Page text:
I have hundreds of instances in the EC2 web console.

Some are shutdown. I can see that they were created many months or years ago. They seem abandoned and forgotten for a while but it's hard to tell if terminating them is safe.

e.g. They could be some old backup, someone could have just migrated a load to new instances and keep the old ones for a few weeks as precaution, etc...

We end up keeping most of them as it's the safest choice.

We are still paying for the EBS volumes when the instance is shutdown (but not terminated). The price can escalate over time with many unused instances (EBS is $140 per month per TB). So I'd like to do some cleanup.

I'm thinking that if I could find the time when the instance was shutdown, that would be a good indicator of how "abandoned" it is.

How can I find when an instance was last shutdown?


Using the awscli. pip install awscli

aws ec2 describe-instances --output table --instance-id i-aef88019


|||  StateTransitionReason |  User initiated (2015-11-16 13:36:40 GMT)   |||
||||                             StateReason                            ||||
||||  Code   |  Client.UserInitiatedShutdown                            ||||
||||  Message|  Client.UserInitiatedShutdown: User initiated shutdown   ||||

We can see what happened to the instance and at what time.

For instance, this one was shutdown manually at 2015-11-16 13:36:40 GMT.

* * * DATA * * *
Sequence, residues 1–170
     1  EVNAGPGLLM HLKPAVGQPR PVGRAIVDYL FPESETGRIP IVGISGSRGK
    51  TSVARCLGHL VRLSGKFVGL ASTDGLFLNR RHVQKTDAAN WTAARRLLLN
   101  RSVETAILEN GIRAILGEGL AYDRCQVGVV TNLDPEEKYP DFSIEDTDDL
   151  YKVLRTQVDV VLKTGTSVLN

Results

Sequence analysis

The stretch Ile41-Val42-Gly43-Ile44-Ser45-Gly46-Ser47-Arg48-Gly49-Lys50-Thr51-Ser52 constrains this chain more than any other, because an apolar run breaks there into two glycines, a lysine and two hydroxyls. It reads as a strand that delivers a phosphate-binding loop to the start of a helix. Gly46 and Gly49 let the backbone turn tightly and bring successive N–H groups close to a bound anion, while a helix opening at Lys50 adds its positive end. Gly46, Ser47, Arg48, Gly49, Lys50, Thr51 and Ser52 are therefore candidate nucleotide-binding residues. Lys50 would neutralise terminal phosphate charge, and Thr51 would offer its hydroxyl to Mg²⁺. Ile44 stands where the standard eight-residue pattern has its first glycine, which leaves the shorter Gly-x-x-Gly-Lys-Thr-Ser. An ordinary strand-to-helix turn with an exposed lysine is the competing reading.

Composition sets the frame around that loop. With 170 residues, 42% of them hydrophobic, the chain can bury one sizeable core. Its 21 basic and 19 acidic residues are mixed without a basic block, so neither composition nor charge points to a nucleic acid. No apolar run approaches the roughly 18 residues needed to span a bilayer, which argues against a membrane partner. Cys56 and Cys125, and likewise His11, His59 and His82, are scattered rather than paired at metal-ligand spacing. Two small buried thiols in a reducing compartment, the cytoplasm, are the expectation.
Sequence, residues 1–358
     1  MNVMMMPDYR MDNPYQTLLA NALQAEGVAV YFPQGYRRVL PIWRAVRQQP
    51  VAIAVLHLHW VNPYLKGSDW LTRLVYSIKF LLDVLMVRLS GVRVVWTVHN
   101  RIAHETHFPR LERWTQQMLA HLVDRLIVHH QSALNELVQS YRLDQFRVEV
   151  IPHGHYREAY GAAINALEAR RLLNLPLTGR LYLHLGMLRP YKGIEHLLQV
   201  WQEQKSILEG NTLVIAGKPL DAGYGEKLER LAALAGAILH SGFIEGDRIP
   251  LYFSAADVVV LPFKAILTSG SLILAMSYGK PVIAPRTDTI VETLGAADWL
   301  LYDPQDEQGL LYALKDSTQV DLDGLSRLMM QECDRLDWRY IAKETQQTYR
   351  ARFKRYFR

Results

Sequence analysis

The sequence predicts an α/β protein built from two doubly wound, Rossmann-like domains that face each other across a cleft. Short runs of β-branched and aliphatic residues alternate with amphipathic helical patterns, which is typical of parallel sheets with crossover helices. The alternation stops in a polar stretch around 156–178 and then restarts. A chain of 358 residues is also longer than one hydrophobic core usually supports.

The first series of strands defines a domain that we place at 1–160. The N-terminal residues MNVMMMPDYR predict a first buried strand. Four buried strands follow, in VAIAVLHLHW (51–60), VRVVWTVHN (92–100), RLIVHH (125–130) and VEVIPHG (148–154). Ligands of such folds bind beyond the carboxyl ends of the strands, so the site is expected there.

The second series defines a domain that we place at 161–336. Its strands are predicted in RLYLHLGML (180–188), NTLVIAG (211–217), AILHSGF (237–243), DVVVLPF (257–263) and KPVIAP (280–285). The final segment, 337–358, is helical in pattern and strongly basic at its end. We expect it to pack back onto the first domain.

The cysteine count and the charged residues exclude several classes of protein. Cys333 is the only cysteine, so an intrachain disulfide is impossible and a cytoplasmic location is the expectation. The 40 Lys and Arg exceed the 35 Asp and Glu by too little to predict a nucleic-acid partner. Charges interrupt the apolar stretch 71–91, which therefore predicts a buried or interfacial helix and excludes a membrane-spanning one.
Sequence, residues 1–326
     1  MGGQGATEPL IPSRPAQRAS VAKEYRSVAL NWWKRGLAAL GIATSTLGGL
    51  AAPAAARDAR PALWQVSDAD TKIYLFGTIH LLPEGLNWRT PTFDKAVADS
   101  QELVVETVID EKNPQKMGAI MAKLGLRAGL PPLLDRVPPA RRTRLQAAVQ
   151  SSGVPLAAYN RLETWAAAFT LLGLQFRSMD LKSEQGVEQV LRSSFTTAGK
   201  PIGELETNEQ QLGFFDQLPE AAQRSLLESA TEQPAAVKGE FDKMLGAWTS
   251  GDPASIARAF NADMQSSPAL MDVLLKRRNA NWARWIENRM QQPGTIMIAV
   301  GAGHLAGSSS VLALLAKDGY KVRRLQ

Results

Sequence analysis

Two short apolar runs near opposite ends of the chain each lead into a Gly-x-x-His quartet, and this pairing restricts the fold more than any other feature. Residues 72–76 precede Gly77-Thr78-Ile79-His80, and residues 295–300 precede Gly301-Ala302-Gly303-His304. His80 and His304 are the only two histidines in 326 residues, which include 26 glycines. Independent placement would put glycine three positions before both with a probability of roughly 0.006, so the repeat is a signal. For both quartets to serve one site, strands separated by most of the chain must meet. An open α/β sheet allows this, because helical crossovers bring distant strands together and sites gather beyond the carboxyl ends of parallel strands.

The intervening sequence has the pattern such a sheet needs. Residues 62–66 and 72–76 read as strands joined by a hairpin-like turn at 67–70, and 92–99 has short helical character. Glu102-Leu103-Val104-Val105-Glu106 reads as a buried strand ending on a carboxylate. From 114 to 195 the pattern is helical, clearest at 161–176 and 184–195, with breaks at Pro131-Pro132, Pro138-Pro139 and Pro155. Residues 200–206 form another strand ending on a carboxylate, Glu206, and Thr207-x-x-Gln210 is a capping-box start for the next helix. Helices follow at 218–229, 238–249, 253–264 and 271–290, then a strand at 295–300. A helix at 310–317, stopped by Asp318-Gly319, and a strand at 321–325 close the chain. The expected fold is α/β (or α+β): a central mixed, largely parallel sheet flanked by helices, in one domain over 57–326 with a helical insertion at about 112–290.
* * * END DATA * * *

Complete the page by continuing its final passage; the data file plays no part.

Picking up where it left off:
• This does not always include a reason and/or time. Docs say "This might be an empty string". docs.aws.amazon.com/AWSEC2/latest/APIReference/… – Matt Houser Jul 25 '16 at 21:53
  • 1
    It works if the instance was shutdown in the EC2 web console. It doesn't work if the instance was shutdown -h now from inside. It's as much as we can get until Amazon officially adds a "Last Shutdown" meta information to the instances. – user5994461 Jul 26 '16 at 11:34

As you mentioned those machines are created many years ago, I think you should check if they are using the old kind of storage call instance store.

In my experience, if you need to shutdown those EC2 machines with instance store, the only option is to terminate it but it would cause data loss.

So my suggestion is to either add a new EBS to backup all data and create a new EC2 with latest settings or simply backup the data remotely. Then terminate the old EC2 instances which should eliminate your storage cost.


If your goal is to save money, then you could create an EBS Snapshot of the disks and then delete the volumes.

EBS Snapshots are charged at a lower price than the actual volumes.

For example, in US-East:

  • Snapshots are 9.5c/GB
  • General Purpose SSD EBS volumes are charged at 10c/GB of provisioned storage
  • Older magnetic EBS volumes are charged at 5c/GB of provisioned storage

However, EBS snapshots only require storage space for used blocks. If the EBS volumes have unused space (eg only used 10GB out of 30GB), then EBS snapshots will be cheaper.

If the EBS volumes are mostly full, you could snapshot them and then recreate them as Cold HDD EBS volumes, which are charged at 2.5c/GB of provisioned storage.

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